The new Kaikoura District Council building is a great example of Laminated Veneer Lumber (LVL) being combined with other engineered wood products including CLT in a Pres-Lam (Prestressed Laminated) timber building.
“Pres-Lam is the result of years of research and a unique collaboration between commercial and academic partners at the University of Canterbury’s School of Engineering to create innovative structural timber solutions, under the leadership of Professor Andy Buchanan. The result is a flexible, durable, eco-conscious long span or multi-storey building system that moves predictably in an earthquake but sustains no permanent damage,” says Jeff Parker, technical manager of the Wood Processors and Manufacturers Association.
The Pres-Lam prefabricated technology, owned by PTL Structural Timber Consultants, utilises engineered wood beams with cleverly embedded steel post-tensioned tendons that lock the system together. The range includes a revolutionary timber frame, wall and floor systems and quick-connect portal frames, with the flexibility to create open spaces and building layouts without the need for closely spaced columns or walls.
Jeff says Nelson Pine LVL was the predominant structural material used for Kaikoura District Council’s three-storey ‘craypot’ building.
The structure has a unique combination of LVL components glued into the CLT used in the 15 rocking shear walls, which are tied to the foundations with high strength steel bars.
He says it is the first time in the world an LVL and CLT combination has been used to make shear walls.
“The LVL is significantly stronger and was added to areas where there was maximum strain such as the each end of the walls and within the core of the walls where the largest post-tensioning strain was.”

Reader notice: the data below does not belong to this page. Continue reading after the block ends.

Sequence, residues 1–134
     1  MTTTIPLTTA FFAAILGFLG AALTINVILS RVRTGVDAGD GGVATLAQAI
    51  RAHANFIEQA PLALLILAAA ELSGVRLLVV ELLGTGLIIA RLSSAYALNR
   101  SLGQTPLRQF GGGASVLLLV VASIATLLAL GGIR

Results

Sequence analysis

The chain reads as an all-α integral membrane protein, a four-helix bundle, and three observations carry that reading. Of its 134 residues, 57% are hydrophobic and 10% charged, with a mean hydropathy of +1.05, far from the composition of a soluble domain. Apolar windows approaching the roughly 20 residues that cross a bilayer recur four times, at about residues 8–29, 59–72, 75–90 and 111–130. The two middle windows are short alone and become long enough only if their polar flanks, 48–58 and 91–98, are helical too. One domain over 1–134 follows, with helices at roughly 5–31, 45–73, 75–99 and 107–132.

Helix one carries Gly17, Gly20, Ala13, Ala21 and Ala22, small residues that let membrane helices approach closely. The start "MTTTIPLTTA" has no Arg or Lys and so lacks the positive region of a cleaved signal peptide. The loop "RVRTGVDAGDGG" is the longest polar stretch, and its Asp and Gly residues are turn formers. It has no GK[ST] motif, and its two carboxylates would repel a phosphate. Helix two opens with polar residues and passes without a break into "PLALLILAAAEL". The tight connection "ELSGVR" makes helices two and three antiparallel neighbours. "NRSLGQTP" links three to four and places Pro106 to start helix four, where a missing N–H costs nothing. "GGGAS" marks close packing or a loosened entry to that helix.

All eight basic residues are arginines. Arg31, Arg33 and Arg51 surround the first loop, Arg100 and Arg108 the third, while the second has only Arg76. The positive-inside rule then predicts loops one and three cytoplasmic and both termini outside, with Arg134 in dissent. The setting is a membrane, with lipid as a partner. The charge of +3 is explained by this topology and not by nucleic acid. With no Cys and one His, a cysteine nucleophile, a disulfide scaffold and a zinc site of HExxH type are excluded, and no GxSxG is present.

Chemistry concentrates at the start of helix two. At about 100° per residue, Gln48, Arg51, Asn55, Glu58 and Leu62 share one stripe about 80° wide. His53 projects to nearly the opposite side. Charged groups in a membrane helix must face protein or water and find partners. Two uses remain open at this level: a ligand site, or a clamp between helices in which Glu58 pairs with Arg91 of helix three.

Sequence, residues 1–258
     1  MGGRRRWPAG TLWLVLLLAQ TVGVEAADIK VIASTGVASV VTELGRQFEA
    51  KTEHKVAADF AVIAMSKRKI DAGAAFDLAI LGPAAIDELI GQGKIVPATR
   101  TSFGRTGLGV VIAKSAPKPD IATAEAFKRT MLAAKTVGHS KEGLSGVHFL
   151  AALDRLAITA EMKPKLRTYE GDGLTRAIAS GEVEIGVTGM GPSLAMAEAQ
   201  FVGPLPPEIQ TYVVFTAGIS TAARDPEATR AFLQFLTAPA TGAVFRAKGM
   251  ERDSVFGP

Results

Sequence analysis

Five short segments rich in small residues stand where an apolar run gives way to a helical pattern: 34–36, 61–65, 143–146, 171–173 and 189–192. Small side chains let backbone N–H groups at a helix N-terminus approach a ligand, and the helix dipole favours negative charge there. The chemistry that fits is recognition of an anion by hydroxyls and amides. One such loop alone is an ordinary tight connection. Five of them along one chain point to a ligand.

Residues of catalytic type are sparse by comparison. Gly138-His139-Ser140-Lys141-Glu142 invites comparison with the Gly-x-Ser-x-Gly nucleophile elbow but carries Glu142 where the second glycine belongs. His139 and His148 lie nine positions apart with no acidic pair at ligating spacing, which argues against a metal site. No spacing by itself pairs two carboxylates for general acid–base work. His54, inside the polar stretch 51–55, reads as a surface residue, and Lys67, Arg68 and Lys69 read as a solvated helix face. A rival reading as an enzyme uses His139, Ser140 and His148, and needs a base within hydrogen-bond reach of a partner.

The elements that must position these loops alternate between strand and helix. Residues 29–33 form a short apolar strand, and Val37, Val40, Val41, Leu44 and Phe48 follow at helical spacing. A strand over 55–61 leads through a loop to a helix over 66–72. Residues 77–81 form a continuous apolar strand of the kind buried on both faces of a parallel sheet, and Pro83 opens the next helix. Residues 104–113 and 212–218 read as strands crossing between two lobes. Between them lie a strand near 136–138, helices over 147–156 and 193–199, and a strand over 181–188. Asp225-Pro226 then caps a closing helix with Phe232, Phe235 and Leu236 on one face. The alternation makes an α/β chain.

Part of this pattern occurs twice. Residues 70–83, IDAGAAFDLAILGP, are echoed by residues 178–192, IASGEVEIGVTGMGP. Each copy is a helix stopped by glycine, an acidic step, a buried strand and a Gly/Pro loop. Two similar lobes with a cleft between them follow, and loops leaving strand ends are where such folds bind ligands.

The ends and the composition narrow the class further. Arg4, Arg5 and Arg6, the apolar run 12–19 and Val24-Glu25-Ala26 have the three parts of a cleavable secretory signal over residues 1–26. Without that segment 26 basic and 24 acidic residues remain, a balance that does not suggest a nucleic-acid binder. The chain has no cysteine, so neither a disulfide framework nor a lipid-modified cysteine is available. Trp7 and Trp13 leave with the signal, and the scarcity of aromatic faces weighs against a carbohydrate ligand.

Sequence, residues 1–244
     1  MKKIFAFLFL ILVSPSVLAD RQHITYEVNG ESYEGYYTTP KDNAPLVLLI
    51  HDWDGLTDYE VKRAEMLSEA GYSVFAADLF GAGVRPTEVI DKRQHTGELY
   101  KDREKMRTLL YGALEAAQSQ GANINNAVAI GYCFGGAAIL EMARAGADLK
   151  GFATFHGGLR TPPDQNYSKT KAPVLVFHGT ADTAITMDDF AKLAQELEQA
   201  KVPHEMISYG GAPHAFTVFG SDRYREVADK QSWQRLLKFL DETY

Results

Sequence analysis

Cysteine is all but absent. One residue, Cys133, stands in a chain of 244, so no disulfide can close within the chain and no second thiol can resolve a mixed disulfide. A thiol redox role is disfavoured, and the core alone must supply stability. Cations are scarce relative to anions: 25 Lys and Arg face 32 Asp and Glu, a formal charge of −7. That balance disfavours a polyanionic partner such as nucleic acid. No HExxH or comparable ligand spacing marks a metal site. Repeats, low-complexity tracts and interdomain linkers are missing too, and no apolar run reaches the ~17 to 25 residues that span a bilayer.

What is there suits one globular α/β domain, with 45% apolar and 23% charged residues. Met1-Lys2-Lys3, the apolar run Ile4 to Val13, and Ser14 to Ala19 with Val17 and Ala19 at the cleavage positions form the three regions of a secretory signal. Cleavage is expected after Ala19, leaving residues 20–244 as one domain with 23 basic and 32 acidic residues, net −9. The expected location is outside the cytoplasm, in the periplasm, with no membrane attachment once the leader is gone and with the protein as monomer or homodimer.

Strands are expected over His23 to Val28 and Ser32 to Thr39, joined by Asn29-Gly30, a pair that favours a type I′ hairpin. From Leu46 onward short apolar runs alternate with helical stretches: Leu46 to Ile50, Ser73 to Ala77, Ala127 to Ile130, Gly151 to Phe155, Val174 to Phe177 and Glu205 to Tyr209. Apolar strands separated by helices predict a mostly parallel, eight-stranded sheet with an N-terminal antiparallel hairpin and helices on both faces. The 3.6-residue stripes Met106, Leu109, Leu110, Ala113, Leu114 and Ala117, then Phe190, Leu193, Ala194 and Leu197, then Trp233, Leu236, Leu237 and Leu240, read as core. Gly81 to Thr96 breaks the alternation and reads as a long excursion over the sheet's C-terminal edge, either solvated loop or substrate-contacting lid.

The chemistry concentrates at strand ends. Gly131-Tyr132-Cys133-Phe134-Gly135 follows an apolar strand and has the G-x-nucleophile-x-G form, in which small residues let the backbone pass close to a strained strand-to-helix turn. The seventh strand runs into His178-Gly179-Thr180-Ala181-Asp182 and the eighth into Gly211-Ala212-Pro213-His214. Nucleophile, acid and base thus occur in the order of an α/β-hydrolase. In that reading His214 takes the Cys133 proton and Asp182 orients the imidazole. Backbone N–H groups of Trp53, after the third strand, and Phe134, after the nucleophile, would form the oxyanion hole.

A Potius stressed skin panel flooring system, fabricated using LVL, was also used. “The floor acts as a diaphragm between the shear walls, and unlike most commercial buildings, there is no concrete in the flooring systems. Potius roofing panels were made from a similar system and pre-insulated with polyurethane spray foam. The internal finish, which provides the ceiling lining, is a pre-primed MDF surface.”
Along with the numerous construction and sustainability benefits, one of the biggest advantages of this project for the Kaikoura District Council was the cost-to-build, which was significantly less per square metre than some other conventional builds, says Jeff.
“The result was a cost effective, time efficient, system that opens new doors in design and construction of commercial and industrial buildings.”
Professor Andy Buchanan, now retired from the University of Canterbury, is a consulting engineer with PTL Structural Timber Consultants. Andy says that the dozen or so Pres-Lam buildings in New Zealand include the Young Hunter and Trimble buildings in Christchurch, and the Massey University College of Creative Arts building in Wellington, as well as others in Nelson and Carterton.
“PTL is working on the design of many exciting new timber buildings in New Zealand, Australia and the USA, in collaboration with the suppliers of engineered timber such as LVL and CLT. Many of the taller buildings include Pres-Lam technology for rapid construction and resistance to wind and earthquakes.”
He says timber buildings are also high performers from a health and safety perspective.
“The building sites are quiet and not dusty. It is also easier to attached handrails and safety equipment to a timber structure rather than a steel or concrete building, which is an added bonus.”